Results of the Collegiate BMX Poll
Two months ago we asked your opinion on the idea of adding a Collegiate Category to USA Cycling BMX One-Day National Championships. The results were overwhelmingly positive, but participation was low. If you still have an opinion but haven't voiced it yet, click here and take the ONE QUESTION POLL. USA Cycling is currently investigating the possibility of adding a category at an unspecified future date.
Be Sure to Check out Collegiate Cycling in the News!
Click here for all the latest stories in the press about collegiate cycling.
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Where Does My $30 Go?
Every year you pay USA Cycling $30 for a collegiate cycling license ($60 if you purchase a Road or Mountain Bike license, as well), your club pays a $50 renewal fee, and you pay to promote a race through USA Cycling, as well. So where does this money go? What do we do with it? First and foremost, every USA Cycling staff member is issued a company Porsche and a Learjet on his or her first day.
Obviously this isn’t the case, but there are always running assumptions that USA Cycling is a for-profit company, when in fact, it is a 501(c)(3) not-for-profit organization, and it is an extremely efficient one. To be as transparent as possible, we have broken down exactly where your license money goes in the world of collegiate cycling. You can find a similar breakdown of other USA Cycling financials on the last page of our 2008 Annual Report (the 2009 Report will be released soon).
To find out exactly how Collegiate Cycling license fees are spent, read more here.
So What Is Mass-Start Legal and What Isn't?
Ever tried to read the UCI rulebook cover to cover? USAC Technical Director Shawn Farrell could recite it to you from memory, but that might take a while. So how does one figure out exactly what the new collegiate aero rule means for his or her equipment? Even the UCI "Practical Guide to Implementation" is a bit dense.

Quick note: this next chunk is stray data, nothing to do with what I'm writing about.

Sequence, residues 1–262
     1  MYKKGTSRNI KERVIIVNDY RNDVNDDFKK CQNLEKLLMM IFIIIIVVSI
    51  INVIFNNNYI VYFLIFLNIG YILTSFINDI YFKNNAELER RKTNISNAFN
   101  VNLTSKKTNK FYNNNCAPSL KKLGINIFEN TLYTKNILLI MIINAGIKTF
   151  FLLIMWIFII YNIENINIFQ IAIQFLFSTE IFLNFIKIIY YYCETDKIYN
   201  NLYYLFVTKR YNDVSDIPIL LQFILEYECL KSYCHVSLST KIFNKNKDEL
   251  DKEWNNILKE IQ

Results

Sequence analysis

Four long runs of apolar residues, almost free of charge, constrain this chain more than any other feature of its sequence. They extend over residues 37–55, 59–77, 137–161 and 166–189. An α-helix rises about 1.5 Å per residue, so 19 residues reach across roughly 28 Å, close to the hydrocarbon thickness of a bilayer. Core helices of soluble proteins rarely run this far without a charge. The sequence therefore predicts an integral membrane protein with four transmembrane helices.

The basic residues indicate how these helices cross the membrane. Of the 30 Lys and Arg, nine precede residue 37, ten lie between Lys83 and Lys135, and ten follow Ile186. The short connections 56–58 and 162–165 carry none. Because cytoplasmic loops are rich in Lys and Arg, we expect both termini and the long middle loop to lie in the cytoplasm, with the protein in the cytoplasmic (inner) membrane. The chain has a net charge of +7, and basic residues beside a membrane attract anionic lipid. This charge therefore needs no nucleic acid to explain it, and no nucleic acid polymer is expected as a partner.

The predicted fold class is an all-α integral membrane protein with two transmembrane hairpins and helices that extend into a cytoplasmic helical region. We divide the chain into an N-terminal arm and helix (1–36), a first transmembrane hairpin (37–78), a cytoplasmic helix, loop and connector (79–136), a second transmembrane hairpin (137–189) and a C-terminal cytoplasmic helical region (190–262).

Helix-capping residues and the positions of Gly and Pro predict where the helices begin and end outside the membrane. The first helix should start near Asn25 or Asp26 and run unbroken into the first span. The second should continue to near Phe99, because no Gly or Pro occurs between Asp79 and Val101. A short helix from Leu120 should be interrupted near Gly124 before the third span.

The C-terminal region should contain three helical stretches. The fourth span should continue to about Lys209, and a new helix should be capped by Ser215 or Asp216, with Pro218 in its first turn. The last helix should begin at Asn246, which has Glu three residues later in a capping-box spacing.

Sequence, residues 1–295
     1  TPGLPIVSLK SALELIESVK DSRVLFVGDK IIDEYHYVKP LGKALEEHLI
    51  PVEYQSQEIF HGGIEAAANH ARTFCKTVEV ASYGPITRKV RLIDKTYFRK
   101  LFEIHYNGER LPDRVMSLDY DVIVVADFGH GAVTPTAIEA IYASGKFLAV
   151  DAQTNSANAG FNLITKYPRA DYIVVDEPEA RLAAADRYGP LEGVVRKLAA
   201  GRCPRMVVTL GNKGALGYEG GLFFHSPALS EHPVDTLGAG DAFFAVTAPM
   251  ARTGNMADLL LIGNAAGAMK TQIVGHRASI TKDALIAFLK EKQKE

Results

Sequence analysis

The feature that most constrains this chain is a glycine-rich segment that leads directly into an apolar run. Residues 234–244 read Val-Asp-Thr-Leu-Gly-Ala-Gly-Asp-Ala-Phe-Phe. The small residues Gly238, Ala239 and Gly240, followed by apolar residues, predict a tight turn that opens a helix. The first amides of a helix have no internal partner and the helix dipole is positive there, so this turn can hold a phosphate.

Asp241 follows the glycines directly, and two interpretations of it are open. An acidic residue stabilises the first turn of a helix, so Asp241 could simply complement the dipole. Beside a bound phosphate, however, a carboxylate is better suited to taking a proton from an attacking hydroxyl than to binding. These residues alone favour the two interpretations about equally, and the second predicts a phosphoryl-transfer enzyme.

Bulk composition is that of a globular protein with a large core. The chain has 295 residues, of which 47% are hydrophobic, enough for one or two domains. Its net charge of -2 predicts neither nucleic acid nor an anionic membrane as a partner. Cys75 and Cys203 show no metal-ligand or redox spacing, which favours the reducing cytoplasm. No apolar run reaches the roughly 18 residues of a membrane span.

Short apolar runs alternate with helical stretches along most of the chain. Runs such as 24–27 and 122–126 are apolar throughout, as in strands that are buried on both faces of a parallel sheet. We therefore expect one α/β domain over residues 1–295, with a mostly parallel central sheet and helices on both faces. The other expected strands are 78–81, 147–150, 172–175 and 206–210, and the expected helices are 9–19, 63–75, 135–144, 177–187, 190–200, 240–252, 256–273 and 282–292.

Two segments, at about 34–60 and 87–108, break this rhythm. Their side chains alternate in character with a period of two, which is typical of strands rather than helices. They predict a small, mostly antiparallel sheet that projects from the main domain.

Fortunately for us, collegiate cyclist and official Raymond Junkins has compiled a handy guide to what's legal and what's not. Find it here. Thanks Ray!
For the most up-t0-date list of non-standard wheels that are approved for mass-start use, check here.
Submit any questions you have about collegiate cycling to firstname.lastname@example.org
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Portland State University
Essay by Elizabeth Sederbaum and Miles Crumley
The Portland State University (PSU) cycling club is entering its seventh year of competitive cycling. The club consists of riders of all levels, from beginner to pro, and disciplines including road, mountain, cyclo-cross and track. The team reflects the diversity of Portland State University; a large, urban university located in downtown Portland, Oregon with almost 30,000 students.
The PSU cycling club is comprised of a group of committed students who are looking to indulge their passion for competitive cycling while in college. Some of the club’s accomplishments include: sending Anita Dilles to collegiate track nationals in 2008; Amelia Bjesse-Puffin to collegiate track nationals in 2009, where she took home two medals. The cycling club has also sent riders to collegiate road and mountain bike national championships.
2009 marked the beginning of a new era in disabled sports for PSU. With the help of the Northwest Collegiate Cycling Conference (NWCCC) director, Bill WyKoff, the PSU Cycling Club created the first handcycling category in the NWCCC. PSU cycling club rider, Jeremy Robbins, was awarded a first place medal from USA Cycling in the newly developed category. This demonstrates that the PSU cycling club and the NWCCC are open to all interested riders who are willing to make a commitment to cycling and racing, and are glad to have the opportunity to inaugurate a new category for handcyclists.
One of PSU’s philosophies is “Let Knowledge Serve the City”. This statement encourages its alumni and students to give back to the community as much as possible. In 2009, the cycling club formed partnerships with multiple Portland businesses, organizations, and non-profits in an effort to represent this motto. One partnership the PSU cycling club is proud of working with is Bicycle Transportation Alliance, a local lobbying organization that works with government agencies to promote the number of cyclists on the road while keeping them safe. PSU cycling volunteers time with Friends of Trees, a neighborhood tree planting organization. Club members also volunteer at local bicycle races and large social rides in the city. Last spring the club was recognized by PSU for accumulating the most volunteer hours out of 30 other recreational clubs at the school. While volunteering is not mandatory, the members of the cycling club agreed to maintain this philosophy of service in the future.